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The Prospector

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Here’s a tip: tip your servers

Alan+Barragan%2C+an+UTEP+supporter%2C+representing+as+a+waiter+at+local+cafe.++
Dominique Macias
Alan Barragan, an UTEP supporter, representing as a waiter at local cafe.

As a server myself I have never personally thought that the tipping system has been an issue, this statement being agreed with by most people that I meet who are also in the service industry. 

But, we do hear the other side of the argument quite often, usually from customers explaining why they do not believe in tipping simply because we should be paid a fair wage, some even using that logic to explain why they will not be leaving a tip at all.  

Though this logic makes sense, the reality is, servers are not going to be paid more anytime soon, especially here in America. 

According to the U.S. department of labor, employers are allowed to pay their employees less if they are being tipped and this usually references people who are servers, myself and every other server only getting paid $2.13 by the hour, making tips our main source of income. 

Maybe you have heard that the tipping culture is getting ridiculous whether on social media or by the person in front of you in line at a coffee shop, and when looking at the broad picture you can see why some people would think this is true. 

This is where the argument begins, with other service industry jobs who are getting paid more now asking if customers want to leave a tip as well leading to the question, is all this tipping really necessary? 

Leaving a tip at a restaurant, though usually not required unless gratuity is added to the bill was always usually about the customers experience, with the server ensuring customers were well taken care of, with their thought process being that they needed to make sure the customers enjoyed their time so they did leave a tip, helping the business as well with customers returning because of their positive experience.  

With other establishments now asking if customers would like to leave a tip for the service they are providing, it has created a new culture that has sparked this controversy that has affected people who depend on tips like myself and other servers with people now believing it is getting out of hand as I said before. 

According to the New York Times, servers getting paid a more fair and livable hourly wage will be out of the picture for the time being referencing the attempt to phase out tipping in Maine and Washington D.C. which voters voted against.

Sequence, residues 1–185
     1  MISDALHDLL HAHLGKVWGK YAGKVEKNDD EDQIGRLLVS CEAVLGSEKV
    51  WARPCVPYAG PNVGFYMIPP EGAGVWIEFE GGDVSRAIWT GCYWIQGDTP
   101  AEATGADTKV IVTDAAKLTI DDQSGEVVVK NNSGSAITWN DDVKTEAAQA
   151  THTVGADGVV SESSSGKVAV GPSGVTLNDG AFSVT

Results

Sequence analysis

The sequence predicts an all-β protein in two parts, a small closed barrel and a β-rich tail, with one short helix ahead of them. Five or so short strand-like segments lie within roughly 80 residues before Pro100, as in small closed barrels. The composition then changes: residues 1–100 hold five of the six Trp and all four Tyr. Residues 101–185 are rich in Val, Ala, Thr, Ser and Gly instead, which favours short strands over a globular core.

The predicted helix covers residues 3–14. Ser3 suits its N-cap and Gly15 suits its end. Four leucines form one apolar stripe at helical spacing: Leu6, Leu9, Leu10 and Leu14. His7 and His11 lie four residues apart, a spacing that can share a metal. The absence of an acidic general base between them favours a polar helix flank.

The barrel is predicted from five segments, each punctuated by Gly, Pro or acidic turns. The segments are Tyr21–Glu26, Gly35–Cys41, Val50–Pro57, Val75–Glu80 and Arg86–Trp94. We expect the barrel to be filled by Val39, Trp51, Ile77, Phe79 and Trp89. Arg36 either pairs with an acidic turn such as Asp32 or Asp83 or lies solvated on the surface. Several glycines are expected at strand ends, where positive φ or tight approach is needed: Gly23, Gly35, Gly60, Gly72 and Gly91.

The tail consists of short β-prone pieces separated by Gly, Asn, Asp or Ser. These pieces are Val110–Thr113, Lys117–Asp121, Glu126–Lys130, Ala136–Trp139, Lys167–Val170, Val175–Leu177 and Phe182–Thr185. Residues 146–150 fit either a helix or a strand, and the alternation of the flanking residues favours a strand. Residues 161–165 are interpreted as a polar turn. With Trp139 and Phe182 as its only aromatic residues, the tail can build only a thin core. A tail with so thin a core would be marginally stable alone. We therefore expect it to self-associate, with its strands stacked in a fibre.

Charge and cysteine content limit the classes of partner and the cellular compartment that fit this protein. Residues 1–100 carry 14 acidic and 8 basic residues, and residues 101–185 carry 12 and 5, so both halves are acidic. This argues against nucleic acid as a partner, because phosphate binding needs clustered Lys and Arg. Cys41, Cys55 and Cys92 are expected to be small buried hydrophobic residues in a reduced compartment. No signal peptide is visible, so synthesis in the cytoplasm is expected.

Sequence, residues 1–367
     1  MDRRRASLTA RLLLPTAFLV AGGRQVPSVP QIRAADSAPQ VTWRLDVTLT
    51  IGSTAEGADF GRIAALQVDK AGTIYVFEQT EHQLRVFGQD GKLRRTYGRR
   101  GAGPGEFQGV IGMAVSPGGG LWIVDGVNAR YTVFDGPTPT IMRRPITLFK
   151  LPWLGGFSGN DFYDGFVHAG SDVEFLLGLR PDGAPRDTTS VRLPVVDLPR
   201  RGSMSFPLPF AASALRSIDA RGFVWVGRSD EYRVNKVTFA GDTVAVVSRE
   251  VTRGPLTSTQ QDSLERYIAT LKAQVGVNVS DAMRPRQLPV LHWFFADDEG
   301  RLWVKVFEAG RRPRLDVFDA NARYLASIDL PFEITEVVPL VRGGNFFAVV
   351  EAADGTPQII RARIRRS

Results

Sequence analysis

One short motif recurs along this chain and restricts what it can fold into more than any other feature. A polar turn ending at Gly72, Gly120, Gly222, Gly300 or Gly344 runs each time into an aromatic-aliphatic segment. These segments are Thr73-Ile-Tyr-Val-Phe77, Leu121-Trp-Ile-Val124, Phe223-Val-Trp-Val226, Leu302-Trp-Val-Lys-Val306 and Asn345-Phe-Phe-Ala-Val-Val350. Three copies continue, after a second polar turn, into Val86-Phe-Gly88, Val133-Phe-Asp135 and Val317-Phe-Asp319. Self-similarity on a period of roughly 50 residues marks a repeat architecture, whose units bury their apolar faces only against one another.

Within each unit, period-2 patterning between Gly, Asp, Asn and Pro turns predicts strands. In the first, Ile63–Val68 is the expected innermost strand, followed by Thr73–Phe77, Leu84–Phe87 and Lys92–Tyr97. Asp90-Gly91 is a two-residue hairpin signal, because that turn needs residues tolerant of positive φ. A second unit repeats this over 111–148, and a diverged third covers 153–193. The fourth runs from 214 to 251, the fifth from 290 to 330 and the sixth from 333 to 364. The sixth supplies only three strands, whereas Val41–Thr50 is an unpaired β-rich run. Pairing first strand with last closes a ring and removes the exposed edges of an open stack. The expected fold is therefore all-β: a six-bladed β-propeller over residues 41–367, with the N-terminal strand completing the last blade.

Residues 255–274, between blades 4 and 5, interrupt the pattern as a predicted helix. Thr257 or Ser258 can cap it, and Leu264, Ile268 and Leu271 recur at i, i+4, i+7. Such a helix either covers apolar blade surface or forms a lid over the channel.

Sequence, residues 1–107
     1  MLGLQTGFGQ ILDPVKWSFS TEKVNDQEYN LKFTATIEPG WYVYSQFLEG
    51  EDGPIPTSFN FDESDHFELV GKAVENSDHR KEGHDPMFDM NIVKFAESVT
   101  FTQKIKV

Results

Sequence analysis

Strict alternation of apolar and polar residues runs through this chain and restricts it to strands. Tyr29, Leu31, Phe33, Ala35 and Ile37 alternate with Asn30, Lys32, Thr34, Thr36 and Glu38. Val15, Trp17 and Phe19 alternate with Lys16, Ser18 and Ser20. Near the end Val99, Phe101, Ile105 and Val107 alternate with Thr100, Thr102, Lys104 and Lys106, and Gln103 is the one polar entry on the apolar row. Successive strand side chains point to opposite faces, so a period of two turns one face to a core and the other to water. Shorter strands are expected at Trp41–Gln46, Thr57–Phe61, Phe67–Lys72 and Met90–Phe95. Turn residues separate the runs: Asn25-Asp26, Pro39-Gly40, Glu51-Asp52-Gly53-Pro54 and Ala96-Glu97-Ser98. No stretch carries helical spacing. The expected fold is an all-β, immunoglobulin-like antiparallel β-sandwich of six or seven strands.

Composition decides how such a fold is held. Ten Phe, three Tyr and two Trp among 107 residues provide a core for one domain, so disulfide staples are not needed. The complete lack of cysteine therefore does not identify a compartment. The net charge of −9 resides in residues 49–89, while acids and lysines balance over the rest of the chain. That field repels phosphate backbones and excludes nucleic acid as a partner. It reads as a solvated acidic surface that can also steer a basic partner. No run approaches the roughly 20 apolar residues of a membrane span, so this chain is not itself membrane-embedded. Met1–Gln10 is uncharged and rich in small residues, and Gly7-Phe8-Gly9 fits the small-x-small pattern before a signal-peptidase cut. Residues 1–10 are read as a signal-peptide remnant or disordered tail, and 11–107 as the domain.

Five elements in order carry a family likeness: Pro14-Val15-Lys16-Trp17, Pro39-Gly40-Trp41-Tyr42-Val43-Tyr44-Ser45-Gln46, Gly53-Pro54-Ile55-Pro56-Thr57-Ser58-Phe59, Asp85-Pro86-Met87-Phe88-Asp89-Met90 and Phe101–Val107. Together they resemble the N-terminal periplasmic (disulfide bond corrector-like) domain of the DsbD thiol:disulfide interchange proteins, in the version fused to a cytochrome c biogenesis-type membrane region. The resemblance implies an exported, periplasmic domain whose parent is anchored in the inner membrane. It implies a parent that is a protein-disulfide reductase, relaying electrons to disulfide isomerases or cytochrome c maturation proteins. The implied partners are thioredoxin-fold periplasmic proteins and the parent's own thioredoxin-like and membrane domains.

Working in the restaurant industry myself and others see it as incredibly beneficial as a way to make money to provide for our families or like myself, get through college while also having a schedule that allows me, at least most of the time, to focus on my school and work towards my academic goals.  

The tipping system can be a fair system if customers are able to accept the fact that when dining at a restaurant or are being provided a service like Uber or Doordash tips are not only helpful but essential to our pay. So to those who do not seem it fair I offer some final statements.Tipping is not leaving so tip your servers at least 20 percent, they are working there for a reason. Tip baristas when you enjoy your experience and to remind them how you are grateful for their work and finally, understand the system and how tipping can be incredibly beneficial for every party involved.  

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About the Contributors
Adam Regalado
Adam Regalado, Multimedia Editor
Adam Regalado is a senior here at The University of Texas at El Paso studying multimedia journalism. Adam is the multimedia editor at The Prospector. Once he graduates, he plans to be a reporter for a news station in Texas while growing his platform and brand on social media promoting LGBTQ+ rights.
Dominique Macias
Dominique Macias, Contributor/Photographer
Dominique Macias is a junior majoring in media advertising minor in creative writing. She is a contributor at The Prospector. After graduation Dominique hopes to pursue a career in the media publishing world; as a photographer or writer.
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